When Theo was online he really was playing on a global scale, as most of his peers had also moved on, either to their original home country, or to some new far-flung outpost dictated by a parent’s latest career move. If feeling more creative and energetic he’d spend his time in front of his desktop PC, craning at the dual wall-mounted monitors above the workstation, creating endless new strands of coding until the early hours.

His parents had done well for themselves and had a relaxed attitude to bringing up their children. Confident that their financially secure status would provide for them and future generations, whatever might occur during their lives, they simply kept an eye on Theo and his sister academically, rather than driving them to excel. Theo’s parents were always busy; his father was distracted with Varkasoft, and his mother was an active supporter of charities, becoming a patron for several worthy causes. Consequently, the children had been self-sufficient from a young age, having a resident housekeeper to look after them if either or both parents were away. They simply indulged themselves in whatever was a priority for them at the time. Usually this was a mix of the conscientious studies of Theo’s globetrotting sister and his own obsession with technology, normally unrelated to anything he was doing at school.

Both children had a ridiculously healthy allowance to which they were granted access upon turning eighteen, and Theo had become complacent as a result of this over the last year or so. Schooling was important, he understood that, but he didn’t see why he had to continue his education at university. He’d had discussions in the past with his father about his desire to work at his father’s software company rather than enduring several more years of listening and learning, but his parents had decided that further education would be a better rounding process for their son, who had grown up wanting for nothing.

As a softener to this harsh reality check, his father also talked about how, once Varkasoft was sold, he’d create something special that Theo could become involved in: this would be Vvox, Tony’s replacement name for his personal spin-off from V-Works. Theo was easily persuaded by this vision, and relished the opportunity of perhaps trying to emulate his father’s business success, albeit with the security of a generous allowance trickling in each month and his father’s significant bank balance to fall back on.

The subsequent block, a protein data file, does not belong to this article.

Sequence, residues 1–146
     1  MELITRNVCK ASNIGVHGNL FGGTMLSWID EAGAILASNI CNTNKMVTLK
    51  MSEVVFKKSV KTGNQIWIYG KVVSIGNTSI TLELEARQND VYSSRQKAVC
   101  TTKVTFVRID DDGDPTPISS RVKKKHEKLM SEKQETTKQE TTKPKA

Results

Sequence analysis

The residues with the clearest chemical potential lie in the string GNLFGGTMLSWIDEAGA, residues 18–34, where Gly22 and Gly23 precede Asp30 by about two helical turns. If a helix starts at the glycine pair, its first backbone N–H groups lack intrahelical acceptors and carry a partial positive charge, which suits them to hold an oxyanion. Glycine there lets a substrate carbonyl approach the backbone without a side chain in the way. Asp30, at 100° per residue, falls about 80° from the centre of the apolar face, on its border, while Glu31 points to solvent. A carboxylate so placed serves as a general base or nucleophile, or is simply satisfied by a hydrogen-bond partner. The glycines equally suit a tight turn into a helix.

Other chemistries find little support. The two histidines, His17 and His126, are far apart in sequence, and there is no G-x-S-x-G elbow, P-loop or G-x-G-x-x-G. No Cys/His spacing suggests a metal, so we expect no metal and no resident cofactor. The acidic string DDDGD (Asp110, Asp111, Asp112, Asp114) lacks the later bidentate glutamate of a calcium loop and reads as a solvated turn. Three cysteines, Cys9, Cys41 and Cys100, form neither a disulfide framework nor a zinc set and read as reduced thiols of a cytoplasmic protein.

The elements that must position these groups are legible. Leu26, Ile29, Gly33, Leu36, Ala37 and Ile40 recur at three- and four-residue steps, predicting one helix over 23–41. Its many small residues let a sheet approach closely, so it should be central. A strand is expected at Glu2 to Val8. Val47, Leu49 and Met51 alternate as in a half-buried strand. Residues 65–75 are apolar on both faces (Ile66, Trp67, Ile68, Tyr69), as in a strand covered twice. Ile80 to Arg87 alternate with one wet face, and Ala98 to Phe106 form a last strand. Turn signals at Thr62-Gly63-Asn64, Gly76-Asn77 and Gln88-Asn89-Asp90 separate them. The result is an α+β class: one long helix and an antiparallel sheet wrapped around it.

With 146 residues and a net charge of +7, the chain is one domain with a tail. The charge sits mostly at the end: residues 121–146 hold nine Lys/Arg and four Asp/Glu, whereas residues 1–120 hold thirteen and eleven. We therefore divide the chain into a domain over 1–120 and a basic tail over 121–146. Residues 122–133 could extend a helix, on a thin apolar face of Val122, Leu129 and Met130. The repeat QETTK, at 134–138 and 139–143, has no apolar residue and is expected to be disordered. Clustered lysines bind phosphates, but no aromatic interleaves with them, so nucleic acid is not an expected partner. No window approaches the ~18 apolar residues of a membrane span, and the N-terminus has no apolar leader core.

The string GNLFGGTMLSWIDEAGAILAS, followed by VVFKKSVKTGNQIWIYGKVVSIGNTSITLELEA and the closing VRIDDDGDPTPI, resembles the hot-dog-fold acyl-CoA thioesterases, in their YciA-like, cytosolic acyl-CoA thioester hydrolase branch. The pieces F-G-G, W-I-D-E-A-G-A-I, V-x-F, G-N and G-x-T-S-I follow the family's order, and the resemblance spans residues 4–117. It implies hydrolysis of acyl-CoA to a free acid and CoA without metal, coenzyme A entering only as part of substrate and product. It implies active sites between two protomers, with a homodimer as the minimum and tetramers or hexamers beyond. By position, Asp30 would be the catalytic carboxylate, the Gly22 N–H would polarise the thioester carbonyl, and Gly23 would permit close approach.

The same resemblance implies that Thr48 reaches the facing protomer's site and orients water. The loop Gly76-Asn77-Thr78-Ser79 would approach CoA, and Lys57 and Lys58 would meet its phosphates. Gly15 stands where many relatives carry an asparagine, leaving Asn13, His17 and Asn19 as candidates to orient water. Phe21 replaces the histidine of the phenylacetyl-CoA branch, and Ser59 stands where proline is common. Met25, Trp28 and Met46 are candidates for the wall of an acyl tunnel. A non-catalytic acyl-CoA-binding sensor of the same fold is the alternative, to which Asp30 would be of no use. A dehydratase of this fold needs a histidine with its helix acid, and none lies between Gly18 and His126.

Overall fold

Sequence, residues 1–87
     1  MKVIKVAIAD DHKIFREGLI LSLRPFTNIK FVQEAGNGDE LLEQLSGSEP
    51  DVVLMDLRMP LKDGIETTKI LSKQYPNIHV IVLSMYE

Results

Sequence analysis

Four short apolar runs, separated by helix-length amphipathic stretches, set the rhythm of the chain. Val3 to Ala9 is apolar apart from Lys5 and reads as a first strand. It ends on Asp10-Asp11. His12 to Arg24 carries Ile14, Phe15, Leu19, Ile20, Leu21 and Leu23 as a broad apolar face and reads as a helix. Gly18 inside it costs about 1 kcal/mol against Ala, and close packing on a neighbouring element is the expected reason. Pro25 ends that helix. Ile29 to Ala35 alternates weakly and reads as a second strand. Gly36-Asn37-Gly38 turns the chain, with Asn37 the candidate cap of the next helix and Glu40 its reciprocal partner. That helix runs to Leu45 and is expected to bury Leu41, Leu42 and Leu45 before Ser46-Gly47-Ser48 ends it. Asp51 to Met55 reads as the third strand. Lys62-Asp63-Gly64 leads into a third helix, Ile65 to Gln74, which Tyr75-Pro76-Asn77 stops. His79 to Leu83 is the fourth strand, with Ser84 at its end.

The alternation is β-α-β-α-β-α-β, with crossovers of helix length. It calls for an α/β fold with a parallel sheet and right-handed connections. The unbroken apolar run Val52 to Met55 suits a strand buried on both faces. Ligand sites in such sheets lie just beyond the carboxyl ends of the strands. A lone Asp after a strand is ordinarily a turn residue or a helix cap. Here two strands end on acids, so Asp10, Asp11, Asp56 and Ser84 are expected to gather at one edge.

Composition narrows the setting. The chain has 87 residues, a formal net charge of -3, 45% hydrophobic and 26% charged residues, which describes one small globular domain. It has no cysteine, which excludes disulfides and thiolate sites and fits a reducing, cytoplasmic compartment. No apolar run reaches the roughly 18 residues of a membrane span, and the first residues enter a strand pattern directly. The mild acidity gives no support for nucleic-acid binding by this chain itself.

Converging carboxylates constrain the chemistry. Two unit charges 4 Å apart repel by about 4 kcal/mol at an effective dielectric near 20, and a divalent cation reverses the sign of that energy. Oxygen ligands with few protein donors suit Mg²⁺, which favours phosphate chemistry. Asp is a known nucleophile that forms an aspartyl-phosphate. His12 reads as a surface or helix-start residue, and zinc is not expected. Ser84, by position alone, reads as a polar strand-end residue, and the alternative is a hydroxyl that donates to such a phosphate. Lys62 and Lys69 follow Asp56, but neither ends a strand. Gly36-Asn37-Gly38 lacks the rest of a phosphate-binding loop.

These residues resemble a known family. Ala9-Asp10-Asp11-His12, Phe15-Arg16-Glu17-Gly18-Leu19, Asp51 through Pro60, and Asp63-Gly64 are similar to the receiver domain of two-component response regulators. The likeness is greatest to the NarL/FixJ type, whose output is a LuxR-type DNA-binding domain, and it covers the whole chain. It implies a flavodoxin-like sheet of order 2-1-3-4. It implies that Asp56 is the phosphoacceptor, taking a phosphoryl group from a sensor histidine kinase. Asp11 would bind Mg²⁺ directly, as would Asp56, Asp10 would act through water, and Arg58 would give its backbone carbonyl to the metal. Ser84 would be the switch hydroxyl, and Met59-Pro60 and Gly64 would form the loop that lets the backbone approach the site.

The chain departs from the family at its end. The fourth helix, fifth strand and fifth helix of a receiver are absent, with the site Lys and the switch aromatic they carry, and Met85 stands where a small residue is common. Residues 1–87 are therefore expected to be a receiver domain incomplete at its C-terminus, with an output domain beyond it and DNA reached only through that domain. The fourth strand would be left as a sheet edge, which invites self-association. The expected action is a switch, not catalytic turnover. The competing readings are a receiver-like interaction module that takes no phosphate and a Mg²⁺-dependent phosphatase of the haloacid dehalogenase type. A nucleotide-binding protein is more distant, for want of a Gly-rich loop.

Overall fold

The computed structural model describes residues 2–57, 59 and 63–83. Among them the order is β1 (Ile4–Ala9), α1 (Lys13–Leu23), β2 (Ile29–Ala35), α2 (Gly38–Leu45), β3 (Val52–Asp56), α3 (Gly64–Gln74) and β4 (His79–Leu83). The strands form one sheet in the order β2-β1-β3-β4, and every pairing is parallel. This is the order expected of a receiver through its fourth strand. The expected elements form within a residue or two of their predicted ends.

Since returning home, Theo’s friendship group hadn’t really changed that much. After all, wherever they were based on the planet they were always online. He had friends from his school days before leaving to study in Russia, and a few he’d met while at international school, but he preferred those he’d connected with online. Theo was a bit of a loner, selective about friendships and perhaps a little lazy in making efforts to develop them. His online friends, unlike the others, never required too much organisation or travelling to meet up with, were always interested in what he was doing electronically, and were in awe of Theo’s technology skills.

Theo ran the gaming group from his own servers, giving him an element of control and this was something his peers were drawn to. He would spend huge amounts of his allowance on upgrades and additions, making things faster, more realistic and ultimately more addictive.

He also excelled at programming, not through any educational influence, more because he just seemed to get it. It was like being able to speak another language at a young age having picked it up while watching a foreign TV channel. He’d research stuff, of course, but he was able to think like a developer, laying down layers of coding that reflected what his brain was thinking and how he wanted the computer program to perform a task. His father had been impressed with this ability, which he displayed from a young age, and told Theo he was confident that with the right education it could be a valuable asset out in the world of business where he’d achieved success himself.